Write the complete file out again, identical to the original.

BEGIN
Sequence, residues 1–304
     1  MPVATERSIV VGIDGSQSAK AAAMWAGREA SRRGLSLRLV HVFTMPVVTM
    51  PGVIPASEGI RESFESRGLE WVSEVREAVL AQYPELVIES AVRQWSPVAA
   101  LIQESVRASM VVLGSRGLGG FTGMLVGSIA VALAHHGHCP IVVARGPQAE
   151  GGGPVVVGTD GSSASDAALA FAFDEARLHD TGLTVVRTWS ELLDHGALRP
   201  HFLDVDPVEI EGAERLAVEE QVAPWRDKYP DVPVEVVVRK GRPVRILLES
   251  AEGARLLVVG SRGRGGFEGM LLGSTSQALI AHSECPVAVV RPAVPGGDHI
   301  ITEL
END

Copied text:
Sequence, residues 1–304
     1  MPVATERSIV VGIDGSQSAK AAAMWAGREA SRRGLSLRLV HVFTMPVVTM
    51  PGVIPASEGI RESFESRGLE WVSEVREAVL AQYPELVIES AVRQWSPVAA
   101  LIQESVRASM VVLGSRGLGG FTGMLVGSIA VALAHHGHCP IVVARGPQAE
   151  GGGPVVVGTD GSSASDAALA FAFDEARLHD TGLTVVRTWS ELLDHGALRP
   201  HFLDVDPVEI EGAERLAVEE QVAPWRDKYP DVPVEVVVRK GRPVRILLES
   251  AEGARLLVVG SRGRGGFEGM LLGSTSQALI AHSECPVAVV RPAVPGGDHI
   301  ITEL